I'm not entirely sure what you are doing here, but you seem to have the general idea correct.
Ruh roh... now you need to convert W into photons/s. I guess you could go with something like Watts = number of photons/s * hc/λ.

Thank you for your answer.

I am planning to apply the stimulus to human dark adapted eyes.
So, I should not use the scotopic curve instead of the photopic?
http://hyperphysics.phy-astr.gsu.edu/hbase/vision/bright.html#c4
In the scotopic curve, the efficacy conversion factor is 1700 lm/W. At 460 nm, the visibility factor is 0.567, giving an eye response value of 1700*0.567 = 963.9 lm/W.
http://hyperphysics.phy-astr.gsu.edu/hbase/vision/efficacy.html#c1This represents a huge difference comparing with the photopic curve, and I'm not sure which curve I should use.

I agree with your suggestion to convert W into photons/s, thanks!

pinball1970 said:
What eyes are you using? Edit as in radiometer? Cells ?

Thank you for answer.
I'm planning to apply blue stimulus to the human eyes.

What do you mean with 'Edit as in radiometer?' ?

Thanks!

az32 said:
Thank you for your answer.

I am planning to apply the stimulus to human dark adapted eyes.
So, I should not use the scotopic curve instead of the photopic?
http://hyperphysics.phy-astr.gsu.edu/hbase/vision/bright.html#c4
In the scotopic curve, the efficacy conversion factor is 1700 lm/W. At 460 nm, the visibility factor is 0.567, giving an eye response value of 1700*0.567 = 963.9 lm/W.
http://hyperphysics.phy-astr.gsu.edu/hbase/vision/efficacy.html#c1This represents a huge difference comparing with the photopic curve, and I'm not sure which curve I should use.

I agree with your suggestion to convert W into photons/s, thanks!

Got it- you are right. Sounds like you should use the scotopic curve.

Edit: Wait, hang on. If the LED manufacturer is providing a spec in lumens, it means that someone already converted the radiometric output to photometric units; the manufacturer (or whomever is providing the 6-30 lm spec) already chose either the scotopic or photopic curve. If you can start out with the actual Watt output of the LED, you can choose whichever normalization curve you want.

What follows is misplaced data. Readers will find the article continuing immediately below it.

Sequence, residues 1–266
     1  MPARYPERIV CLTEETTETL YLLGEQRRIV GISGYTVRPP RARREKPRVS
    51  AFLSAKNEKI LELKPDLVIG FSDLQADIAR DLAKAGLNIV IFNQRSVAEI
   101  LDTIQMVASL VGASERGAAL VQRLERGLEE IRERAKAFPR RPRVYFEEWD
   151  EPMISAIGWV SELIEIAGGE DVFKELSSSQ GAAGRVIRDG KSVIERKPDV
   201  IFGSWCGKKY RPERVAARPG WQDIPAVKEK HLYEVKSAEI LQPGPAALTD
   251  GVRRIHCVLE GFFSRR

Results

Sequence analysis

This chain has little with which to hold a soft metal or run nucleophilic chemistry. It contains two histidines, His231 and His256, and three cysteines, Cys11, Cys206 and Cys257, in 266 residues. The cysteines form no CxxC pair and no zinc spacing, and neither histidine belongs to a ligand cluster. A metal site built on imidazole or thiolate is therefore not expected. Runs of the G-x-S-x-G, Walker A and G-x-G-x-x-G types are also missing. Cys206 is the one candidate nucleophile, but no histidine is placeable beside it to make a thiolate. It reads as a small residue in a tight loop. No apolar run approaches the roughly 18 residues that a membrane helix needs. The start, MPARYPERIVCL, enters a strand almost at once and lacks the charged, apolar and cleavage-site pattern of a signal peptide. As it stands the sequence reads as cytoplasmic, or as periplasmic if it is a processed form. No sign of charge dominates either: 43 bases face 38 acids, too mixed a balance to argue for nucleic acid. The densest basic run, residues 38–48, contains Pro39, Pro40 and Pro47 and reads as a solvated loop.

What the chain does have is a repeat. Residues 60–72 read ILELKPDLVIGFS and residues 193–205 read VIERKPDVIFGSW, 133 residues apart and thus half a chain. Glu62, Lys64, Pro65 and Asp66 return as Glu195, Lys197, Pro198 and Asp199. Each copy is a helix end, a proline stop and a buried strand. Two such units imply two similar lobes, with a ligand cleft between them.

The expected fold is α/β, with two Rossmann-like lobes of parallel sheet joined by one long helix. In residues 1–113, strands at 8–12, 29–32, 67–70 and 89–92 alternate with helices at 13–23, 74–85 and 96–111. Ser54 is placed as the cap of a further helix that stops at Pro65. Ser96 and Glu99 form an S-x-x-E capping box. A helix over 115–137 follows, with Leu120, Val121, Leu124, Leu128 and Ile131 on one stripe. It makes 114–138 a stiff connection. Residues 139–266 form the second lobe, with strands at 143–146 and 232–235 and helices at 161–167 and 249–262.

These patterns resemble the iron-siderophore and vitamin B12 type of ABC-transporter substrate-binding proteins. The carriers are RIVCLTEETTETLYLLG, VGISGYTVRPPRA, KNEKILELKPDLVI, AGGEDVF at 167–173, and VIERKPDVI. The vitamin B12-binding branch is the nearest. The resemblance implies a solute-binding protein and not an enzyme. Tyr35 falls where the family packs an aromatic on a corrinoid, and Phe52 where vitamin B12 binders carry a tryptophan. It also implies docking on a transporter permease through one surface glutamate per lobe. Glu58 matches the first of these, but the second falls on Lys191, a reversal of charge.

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Andy Resnick said:
Got it- you are right. Sounds like you should use the scotopic curve.

Edit: Wait, hang on. If the LED manufacturer is providing a spec in lumens, it means that someone already converted the radiometric output to photometric units; the manufacturer (or whomever is providing the 6-30 lm spec) already chose either the scotopic or photopic curve. If you can start out with the actual Watt output of the LED, you can choose whichever normalization curve you want.

Thank you for your answer.
The manufacturer datasheet does not provide the actual watt ouput of the LED..only the intensity in lumens

In the manufacturer website there are some informations about the LED characteristics:

The Watt values they refer, are related to the consumed power, not the radiant...

I'm really struggling with this problem.

az32 said:
Thank you for answer.
I'm planning to apply blue stimulus to the human eyes.

What do you mean with 'Edit as in radiometer?' ?

Thanks!
Sorry that should have been Edit: As in radiometer. You can measure CCT SPD and lux then calculate the lm factoring in the viewing area. That is what I do but that is bucket physics compared to the really accurate Science you are probably looking at.

How are you using human eyes used to assess?

Are these eyes in alive people? Sorry I am not being facaeious I am interested from a biological and physics point of view.

@sophiecentaur @Andy Resnick @berkeman and @phinds can you confirm the maths.

One last thing, there is an issue with LED blue light and possible retinal damage.

A few studies in from France dept of Health one in Spain there will be others.
A consideration for your study group perhaps.

berkeman
az32 said:
I'm planning to apply blue stimulus to the human eyes.
pinball1970 said:
Are these eyes in alive people? Sorry I am not being facaeious I am interested from a biological and physics point of view.
I was concerned about that also. @az32 -- What exactly is this project? If this is at school or work, what oversight do you have from a supervisor and safety officer? What research have you done into safe illumination levels for the human eye (especially over wavelength ranges)? Is this for a product design? If so, what standards are you following for safe exposure for the human eye?